This week, let’s take a look at something we walk on, run on and play on – the soil beneath our feet.
Soil is a thin layer of material on the earth’s surface in which plants have their roots. It is made up of many things, such as weathered rock and decayed plant and animal matter. Soil formation takes place when air, water, plant life, animal life, rocks, and chemicals interact. This occurs over thousands of years.
Soil is formed from the weathering of rocks and minerals. Surface rocks break down into smaller pieces through a process of weathering and is then mixed with moss and organic matter. Over time, this creates a thin layer of soil. Plants help the development of the soil by attracting animals, and when the animals die, their bodies decay. Decaying matter makes the soil thick and rich.
Soil generally consists of organic and inorganic materials, water, and air. The inorganic materials are the rocks that have been broken down into smaller pieces such as pebbles, gravel, and particles of sand or clay. The organic material is decaying living matter such as plants or animals that have died and their decayed remains become part of the soil.
Soil erosion, caused by wind and rain, can change land appearance by wearing down mountains, creating valleys, making rivers appear and disappear. The erosion process takes thousands of years. But erosion is also affected by human activities such as farming and mining. Soil develops very slowly but can be lost very quickly. The clearing of land for farming, residential, and commercial use can destroy soil. Erosion leaves soil exposed and prevents development of new soil by removing the plants and animals that help build humus.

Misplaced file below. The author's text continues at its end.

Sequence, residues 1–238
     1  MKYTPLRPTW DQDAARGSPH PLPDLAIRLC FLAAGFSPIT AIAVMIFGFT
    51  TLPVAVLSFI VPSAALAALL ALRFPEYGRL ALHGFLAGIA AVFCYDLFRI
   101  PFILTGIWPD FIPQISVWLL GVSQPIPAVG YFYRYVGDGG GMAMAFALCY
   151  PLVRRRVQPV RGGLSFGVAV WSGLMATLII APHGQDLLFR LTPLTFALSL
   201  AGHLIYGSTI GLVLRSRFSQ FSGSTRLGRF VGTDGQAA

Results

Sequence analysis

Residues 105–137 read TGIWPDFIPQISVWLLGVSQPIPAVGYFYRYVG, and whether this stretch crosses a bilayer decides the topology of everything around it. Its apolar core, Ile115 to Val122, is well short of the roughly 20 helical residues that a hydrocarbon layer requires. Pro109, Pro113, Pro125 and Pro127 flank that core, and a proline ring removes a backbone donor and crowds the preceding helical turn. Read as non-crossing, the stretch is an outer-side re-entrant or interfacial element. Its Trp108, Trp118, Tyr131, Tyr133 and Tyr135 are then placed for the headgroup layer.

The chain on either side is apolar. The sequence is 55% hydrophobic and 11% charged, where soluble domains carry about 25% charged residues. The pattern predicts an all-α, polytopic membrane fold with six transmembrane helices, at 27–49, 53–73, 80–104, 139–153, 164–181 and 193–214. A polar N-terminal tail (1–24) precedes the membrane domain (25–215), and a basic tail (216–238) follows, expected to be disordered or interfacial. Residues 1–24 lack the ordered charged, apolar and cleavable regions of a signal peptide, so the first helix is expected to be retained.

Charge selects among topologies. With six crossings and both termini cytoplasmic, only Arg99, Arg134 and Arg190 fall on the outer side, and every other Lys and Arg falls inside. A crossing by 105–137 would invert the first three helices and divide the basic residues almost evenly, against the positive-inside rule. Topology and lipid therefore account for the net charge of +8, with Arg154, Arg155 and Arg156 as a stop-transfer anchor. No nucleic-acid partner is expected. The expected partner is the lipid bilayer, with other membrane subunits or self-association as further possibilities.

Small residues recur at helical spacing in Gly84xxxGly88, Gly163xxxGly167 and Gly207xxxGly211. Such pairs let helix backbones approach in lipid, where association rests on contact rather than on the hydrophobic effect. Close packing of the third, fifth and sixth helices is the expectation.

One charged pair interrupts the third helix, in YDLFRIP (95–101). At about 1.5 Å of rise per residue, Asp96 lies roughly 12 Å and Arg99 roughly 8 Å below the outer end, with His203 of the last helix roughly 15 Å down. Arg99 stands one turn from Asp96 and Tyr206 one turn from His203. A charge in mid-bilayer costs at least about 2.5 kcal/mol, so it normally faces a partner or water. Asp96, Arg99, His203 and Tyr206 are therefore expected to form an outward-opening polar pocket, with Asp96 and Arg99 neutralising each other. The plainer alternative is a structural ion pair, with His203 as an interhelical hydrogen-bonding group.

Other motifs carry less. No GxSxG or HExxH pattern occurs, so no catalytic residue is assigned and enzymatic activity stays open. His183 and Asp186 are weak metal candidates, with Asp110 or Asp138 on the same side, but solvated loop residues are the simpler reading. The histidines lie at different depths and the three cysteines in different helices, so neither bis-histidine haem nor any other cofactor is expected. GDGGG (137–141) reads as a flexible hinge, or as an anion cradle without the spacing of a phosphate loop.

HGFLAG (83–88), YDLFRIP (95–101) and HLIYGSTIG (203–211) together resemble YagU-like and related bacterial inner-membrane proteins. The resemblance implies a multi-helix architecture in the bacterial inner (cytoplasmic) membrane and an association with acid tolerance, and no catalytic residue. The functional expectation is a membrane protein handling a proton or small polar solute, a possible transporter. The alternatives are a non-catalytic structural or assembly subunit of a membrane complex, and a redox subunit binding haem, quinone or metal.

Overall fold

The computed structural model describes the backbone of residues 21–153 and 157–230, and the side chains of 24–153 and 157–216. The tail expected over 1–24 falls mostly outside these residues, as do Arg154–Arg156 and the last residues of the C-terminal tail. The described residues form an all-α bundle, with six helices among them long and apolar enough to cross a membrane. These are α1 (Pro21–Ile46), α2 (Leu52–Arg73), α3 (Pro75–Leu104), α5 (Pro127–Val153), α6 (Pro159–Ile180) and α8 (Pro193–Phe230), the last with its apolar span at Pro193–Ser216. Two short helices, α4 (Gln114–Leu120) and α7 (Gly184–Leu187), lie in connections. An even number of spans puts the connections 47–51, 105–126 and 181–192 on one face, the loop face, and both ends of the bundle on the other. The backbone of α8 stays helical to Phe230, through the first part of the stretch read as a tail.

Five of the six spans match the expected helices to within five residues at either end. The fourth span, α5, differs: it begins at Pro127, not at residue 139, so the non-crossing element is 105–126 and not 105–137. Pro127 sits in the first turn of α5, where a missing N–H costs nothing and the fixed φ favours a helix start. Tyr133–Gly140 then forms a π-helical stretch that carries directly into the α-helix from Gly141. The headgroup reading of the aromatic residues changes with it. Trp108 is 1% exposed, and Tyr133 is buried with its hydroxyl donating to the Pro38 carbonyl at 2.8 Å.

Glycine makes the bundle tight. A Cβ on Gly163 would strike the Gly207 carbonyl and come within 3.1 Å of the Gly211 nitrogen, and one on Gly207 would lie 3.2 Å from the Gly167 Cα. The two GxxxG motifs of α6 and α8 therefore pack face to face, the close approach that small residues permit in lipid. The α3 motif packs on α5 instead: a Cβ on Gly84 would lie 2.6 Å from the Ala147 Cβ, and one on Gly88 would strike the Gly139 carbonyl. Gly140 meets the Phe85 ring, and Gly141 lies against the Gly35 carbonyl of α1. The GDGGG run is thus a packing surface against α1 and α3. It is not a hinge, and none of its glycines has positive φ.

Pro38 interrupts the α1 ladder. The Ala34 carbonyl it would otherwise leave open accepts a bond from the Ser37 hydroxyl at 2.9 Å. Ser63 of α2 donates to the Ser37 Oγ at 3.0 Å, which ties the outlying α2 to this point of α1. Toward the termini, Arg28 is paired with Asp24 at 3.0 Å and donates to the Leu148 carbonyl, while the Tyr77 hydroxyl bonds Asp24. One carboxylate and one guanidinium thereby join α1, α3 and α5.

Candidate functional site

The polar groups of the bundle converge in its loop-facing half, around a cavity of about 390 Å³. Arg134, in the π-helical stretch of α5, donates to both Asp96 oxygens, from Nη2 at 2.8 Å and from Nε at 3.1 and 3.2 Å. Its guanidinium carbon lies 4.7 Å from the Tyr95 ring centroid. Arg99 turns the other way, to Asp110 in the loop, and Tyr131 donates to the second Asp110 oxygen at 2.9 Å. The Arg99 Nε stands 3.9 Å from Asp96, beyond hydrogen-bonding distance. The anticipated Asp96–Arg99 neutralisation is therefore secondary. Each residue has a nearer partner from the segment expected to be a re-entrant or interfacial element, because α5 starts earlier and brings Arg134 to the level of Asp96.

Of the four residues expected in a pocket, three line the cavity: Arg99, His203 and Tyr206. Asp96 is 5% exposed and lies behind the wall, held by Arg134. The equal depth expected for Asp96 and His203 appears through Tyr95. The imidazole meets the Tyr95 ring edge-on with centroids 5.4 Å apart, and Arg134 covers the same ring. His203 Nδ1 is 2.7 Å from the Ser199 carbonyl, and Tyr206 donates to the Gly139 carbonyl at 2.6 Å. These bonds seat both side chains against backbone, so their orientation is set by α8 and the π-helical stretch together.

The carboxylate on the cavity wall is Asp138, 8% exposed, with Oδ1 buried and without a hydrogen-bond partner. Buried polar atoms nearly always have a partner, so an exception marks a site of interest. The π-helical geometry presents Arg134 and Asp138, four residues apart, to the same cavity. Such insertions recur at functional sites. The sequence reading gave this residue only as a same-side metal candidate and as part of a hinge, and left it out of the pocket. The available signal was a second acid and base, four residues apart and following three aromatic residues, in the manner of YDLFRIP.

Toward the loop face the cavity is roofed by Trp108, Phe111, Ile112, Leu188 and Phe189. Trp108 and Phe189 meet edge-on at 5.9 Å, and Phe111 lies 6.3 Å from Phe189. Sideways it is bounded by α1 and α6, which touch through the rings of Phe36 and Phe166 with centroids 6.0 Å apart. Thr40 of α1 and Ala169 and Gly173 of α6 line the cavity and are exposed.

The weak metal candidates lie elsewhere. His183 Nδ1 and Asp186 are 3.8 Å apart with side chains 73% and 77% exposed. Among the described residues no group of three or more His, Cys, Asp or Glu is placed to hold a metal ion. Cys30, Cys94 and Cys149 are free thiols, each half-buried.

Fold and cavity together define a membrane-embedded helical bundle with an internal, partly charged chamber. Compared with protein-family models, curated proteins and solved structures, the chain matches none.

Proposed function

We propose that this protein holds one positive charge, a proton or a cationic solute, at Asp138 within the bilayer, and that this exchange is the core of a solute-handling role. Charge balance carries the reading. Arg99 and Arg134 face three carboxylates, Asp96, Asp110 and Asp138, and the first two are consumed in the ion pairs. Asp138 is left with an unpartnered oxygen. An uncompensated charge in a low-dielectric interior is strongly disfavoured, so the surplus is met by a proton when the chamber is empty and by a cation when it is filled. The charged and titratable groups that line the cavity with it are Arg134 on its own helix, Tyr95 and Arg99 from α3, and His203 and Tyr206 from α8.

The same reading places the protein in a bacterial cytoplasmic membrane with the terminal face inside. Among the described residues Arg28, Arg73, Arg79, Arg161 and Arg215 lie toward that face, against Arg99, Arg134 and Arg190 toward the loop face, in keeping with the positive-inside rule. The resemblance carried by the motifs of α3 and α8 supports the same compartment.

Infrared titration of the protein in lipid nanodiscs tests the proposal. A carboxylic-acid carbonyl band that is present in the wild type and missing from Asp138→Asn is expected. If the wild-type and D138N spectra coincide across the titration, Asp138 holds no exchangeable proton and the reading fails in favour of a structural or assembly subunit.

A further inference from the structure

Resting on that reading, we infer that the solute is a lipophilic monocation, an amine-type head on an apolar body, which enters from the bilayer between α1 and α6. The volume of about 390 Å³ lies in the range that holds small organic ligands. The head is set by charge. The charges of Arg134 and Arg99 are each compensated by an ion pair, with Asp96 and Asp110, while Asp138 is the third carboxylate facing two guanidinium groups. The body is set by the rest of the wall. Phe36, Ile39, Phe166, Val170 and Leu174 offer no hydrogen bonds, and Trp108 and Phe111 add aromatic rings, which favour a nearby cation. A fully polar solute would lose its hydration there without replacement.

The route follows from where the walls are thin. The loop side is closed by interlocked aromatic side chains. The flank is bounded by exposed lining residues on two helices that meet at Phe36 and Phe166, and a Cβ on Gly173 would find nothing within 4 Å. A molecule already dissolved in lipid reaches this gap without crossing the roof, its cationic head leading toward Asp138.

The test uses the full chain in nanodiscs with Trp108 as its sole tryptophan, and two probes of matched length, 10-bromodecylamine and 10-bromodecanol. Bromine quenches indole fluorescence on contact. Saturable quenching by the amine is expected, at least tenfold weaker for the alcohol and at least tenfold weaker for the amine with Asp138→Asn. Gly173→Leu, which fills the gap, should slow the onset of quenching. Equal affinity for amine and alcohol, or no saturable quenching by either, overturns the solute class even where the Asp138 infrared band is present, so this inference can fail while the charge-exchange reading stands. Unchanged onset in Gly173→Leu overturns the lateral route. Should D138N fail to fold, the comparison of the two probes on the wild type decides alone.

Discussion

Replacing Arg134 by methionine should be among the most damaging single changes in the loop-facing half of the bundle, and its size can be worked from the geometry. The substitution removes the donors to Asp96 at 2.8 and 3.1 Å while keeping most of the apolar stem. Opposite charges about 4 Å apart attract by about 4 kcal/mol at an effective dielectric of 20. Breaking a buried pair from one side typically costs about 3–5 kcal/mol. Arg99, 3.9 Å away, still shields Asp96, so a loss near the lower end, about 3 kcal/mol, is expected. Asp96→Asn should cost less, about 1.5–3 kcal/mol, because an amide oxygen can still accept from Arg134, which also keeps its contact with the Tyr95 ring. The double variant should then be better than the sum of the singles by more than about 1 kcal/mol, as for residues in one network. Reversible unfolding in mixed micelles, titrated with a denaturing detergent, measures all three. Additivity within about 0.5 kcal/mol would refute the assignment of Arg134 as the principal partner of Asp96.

Most soils are made up of a combination of sand, silt, and clay. The texture of the soil (how it looks and feels), depends upon the amount of each one in that particular soil. The type of soil varies across our planet and can even vary in our own backyard.
Soils are classified under the Canada Land Inventory, and they descend in quality from Class 1, which is highest, to Class 7 soils, which have no agricultural capability for the common field crops. Class 1 soils have no significant limitations. Class 2 through 7 soils has one or more significant limitations. Here in Chatham-Kent, our soils mostly fall into the Class 1-3 categories.
Here in Chatham-Kent, we have varying types of soil, from clay to loam to sand and everything in between. We have some of the best soil for growing crops in all of Canada, and that is one of the reasons our agricultural sector plays such a large role in Chatham-Kent’s economy.
Our farmers want to reduce the amount of erosion and soil loss. They accomplish this through many means, including planting trees, planting cover crops, using minimum-till practices and much more. Soil is an important resource that we all must protect, for without soil there is no life.
Think about this – We discover our role in life through our relationship with God and our relationship with others.
Just some food for thought.
Remember that here in Chatham-Kent ‘WE GROW FOR THE WORLD’.
Kim Cooper has been involved in the agribusiness sector for over 35 years. He can be reached at: firstname.lastname@example.org
You can also follow him on Twitter at ‘theAGguy’